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For nearly five decades CSWS has funded feminist scholarship at the University of Oregon. Our mission is simple: we create, fund, share, and support research that addresses the complicated nature of gender identities and inequalities.
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Annie Fukushima
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Create

Our faculty and student affiliates generate wide-ranging research on the complexity of women’s lives and the intersecting nature of gender identities and inequalities. Discover what we are working on.

Fund

For five decades, we have funded feminist scholarship at the University of Oregon. Read about our present opportunities and past awards

Share

As a research center, we disseminate new knowledge on the complicated nature of gender identities and inequalities with other scholars and educators, the public, policymakers, and activists. Keep in touch with the latest news, publications, and media.

Support

Through event programming and special initiatives, we foster networking, collaboration, and mentorship within our vibrant community of feminist scholars.  Learn more about how to get involved.

Feminist Futures: CSWS 50th Anniversary

During AY 2023-24, the Center for the Study of Women in Society will celebrate 50 years of enriching the University of Oregon community. Our year-long celebration will include invited speakers, exhibits, performances, and events that speak to intersectional feminist research and the ways in which gender, race, class, ability, and sexual orientation intersect and inform our visions of social justice. As the Center looks ahead to our next five decades, we will explore both the promises for and the imperilment of our “feminist futures” within fraught social, political, and environmental landscapes both nationally and globally. 
50 Years

History of CSWS

For more than 45 years CSWS has funded feminist scholarship at the University of Oregon. Our mission is simple: we create, fund, and share research that addresses the complicated nature of gender identities and inequalities.

Our ability to do this resulted from an incredible act of generosity. In 1983, the hard work and vision of faculty members working in what was then called the Center for the Sociological Study of Women attracted the attention of Fortune magazine editor William Harris. His endowment, the largest single gift ever given to the university at that time, was given in memory of his wife, Jane Grant, an early feminist and co-founder of The New Yorker.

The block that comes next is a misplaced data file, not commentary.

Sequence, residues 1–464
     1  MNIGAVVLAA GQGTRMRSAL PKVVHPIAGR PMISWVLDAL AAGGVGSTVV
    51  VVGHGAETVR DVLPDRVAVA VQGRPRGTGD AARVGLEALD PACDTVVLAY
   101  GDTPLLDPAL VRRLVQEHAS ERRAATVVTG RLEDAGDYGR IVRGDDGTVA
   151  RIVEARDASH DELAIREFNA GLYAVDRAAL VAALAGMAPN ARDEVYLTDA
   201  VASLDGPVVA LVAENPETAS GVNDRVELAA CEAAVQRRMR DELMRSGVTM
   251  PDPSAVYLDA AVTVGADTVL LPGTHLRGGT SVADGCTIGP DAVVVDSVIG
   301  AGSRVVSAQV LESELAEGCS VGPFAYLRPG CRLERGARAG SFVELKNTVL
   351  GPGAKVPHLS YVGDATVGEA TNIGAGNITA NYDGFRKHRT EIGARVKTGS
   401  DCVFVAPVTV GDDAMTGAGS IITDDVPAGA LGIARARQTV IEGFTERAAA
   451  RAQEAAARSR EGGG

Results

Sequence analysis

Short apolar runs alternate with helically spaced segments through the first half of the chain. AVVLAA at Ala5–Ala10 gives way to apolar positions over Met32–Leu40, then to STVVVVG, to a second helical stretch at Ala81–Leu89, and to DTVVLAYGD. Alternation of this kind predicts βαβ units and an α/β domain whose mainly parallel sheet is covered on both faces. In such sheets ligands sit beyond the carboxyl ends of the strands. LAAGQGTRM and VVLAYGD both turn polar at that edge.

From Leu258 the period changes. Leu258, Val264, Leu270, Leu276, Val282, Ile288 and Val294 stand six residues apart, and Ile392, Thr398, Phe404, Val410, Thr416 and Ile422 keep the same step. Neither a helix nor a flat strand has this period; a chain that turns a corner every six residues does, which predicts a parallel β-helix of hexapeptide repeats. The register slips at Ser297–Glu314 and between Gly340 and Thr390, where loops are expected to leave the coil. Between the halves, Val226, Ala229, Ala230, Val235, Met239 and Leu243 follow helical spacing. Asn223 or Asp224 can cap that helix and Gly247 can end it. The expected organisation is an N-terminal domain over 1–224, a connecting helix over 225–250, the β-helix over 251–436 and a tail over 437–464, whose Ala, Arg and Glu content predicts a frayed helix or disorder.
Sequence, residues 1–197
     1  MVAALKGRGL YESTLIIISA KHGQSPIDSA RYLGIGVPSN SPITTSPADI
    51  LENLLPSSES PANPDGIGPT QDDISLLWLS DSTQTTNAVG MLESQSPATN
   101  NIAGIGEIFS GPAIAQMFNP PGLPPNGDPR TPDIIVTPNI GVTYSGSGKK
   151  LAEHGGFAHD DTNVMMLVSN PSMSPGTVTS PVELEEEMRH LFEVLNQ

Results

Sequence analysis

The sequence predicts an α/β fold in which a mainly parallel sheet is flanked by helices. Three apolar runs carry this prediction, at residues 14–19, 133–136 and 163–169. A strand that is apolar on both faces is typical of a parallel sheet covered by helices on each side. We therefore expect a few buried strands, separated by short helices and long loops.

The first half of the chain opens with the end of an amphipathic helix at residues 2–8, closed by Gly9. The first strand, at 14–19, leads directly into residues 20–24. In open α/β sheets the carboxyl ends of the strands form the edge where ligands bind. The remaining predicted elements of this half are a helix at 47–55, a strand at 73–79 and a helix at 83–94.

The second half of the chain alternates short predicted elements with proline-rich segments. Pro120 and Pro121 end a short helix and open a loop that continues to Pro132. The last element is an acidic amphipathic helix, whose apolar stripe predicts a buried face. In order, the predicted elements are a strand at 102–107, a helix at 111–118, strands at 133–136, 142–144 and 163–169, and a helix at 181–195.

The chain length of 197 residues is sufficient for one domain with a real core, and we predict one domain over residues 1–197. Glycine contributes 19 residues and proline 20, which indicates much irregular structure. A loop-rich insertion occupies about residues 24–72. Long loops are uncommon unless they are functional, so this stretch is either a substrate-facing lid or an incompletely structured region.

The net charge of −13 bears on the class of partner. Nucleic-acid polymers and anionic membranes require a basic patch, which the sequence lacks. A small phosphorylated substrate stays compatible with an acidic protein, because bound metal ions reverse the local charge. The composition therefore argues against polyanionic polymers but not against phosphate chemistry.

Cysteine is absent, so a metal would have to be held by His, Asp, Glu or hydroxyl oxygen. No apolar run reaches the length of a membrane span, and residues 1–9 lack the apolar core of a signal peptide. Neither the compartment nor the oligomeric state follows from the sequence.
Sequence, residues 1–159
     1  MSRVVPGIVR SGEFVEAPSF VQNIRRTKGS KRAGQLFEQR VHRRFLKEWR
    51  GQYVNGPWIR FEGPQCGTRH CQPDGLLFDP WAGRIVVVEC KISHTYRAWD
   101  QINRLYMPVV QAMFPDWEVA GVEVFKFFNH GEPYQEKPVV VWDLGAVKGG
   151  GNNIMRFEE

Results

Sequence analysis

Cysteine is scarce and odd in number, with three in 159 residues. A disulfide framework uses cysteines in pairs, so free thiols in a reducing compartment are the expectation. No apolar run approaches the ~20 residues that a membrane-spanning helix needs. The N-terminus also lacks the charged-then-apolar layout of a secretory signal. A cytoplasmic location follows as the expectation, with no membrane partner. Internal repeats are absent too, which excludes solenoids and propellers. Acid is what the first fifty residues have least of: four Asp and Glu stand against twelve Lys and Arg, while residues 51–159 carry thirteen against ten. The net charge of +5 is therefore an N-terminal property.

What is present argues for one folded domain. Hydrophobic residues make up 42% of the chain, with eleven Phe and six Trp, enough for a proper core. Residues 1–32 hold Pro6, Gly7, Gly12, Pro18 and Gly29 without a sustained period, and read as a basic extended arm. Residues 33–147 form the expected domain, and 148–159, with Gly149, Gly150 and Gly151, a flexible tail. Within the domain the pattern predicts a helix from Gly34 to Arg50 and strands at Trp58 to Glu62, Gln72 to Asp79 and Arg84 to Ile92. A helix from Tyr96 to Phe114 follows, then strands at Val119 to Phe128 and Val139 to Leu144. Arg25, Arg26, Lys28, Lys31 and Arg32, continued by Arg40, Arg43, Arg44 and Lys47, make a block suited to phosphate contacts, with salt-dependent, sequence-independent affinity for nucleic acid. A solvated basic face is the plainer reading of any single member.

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Upcoming Events

Queer Career: Sexuality and Work in Modern America at William W. Knight Law Center

Princeton historian Margot Canaday will discuss her book, Queer Career, which explores the experiences of sexual minorities in the American workforce during the second half of the twentieth century. Canaday shows how LGBT history helps us understand the recent history of capitalism and labor and rewrites our understanding of the queer past.

Livestreaming is available for this event.

4:30pm
William W. Knight Law Center, 110
“How to Cope with Climate Anxiety: Saving the Earth and Saving Ourselves” at Erb Memorial Union (EMU)

Britt Wray’s fascinating and hopeful talk demonstrates the emotional and existential effects of living in a warming world—and how we can get through them together. Although anxieties surrounding the climate crisis can cause us to burn out, give up, and question deeply personal decisions like whether to have children, working through these anxieties can unlock a deep capacity to care for and act on climate issues. We need to look at the climate crisis as a whole—not just the political or technological issues, but the mental health consequences as well.

5:30pm
Erb Memorial Union (EMU)
Natalia Molina lecture

Natalia Molina is a professor of American Studies and Ethnicity, University of Southern California. Her research explores the intertwined histories of race, place, gender, culture, and citizenship. She is the author of How Race Is Made in America: Immigration, Citizenship, and the Historical Power of Racial Scripts (UC Press, 2014) and Fit to Be Citizens?: Public Health and Race in Los Angeles, 1879–1940 (UC Press, 2006).

7:00pm

News

Jan 30, 2023

Research Matters looks at Antonina Raisanovsky's The Family

In the winter issue of Research Matters, Jenifer Presto, associate professor of comparative literature, shares the extraordinary story of Antonina Riasanovsky, author of best-selling 1940 novel The Family. Antonina, her husband, and their two young sons immigrated from China to Eugene during the Second World War.

Jan 27, 2023

Tannaz Farsi wins 2022 Presidential Fellowship

From Around the O—CSWS advisory board member Tannaz Farsi, Department of Art in the College of Design, is one of two recipients of the 2022 Presidential Fellowship in Arts and Humanities. Chosen from a pool of 50 applicants, the winners were recognized for their outstanding scholarly and creative records, respectively, as well as specific works in progress. Recipients will receive a $25,000 award to support their creative and scholarly work.

Jan 27, 2023

Margot Canaday to discuss sexual minorities and work Feb. 16

On February 16, Princeton historian Margot Canaday will discuss her book, Queer Career, which explores the experiences of sexual minorities in the American workforce during the second half of the twentieth century. Canaday shows how LGBT history helps us understand the recent history of capitalism and labor and rewrites our understanding of the queer past. The talk will be held 4:30–6 p.m. in the Knight Law Center, room 110, 1515 Agate St., Eugene. The event also will be livestreamed.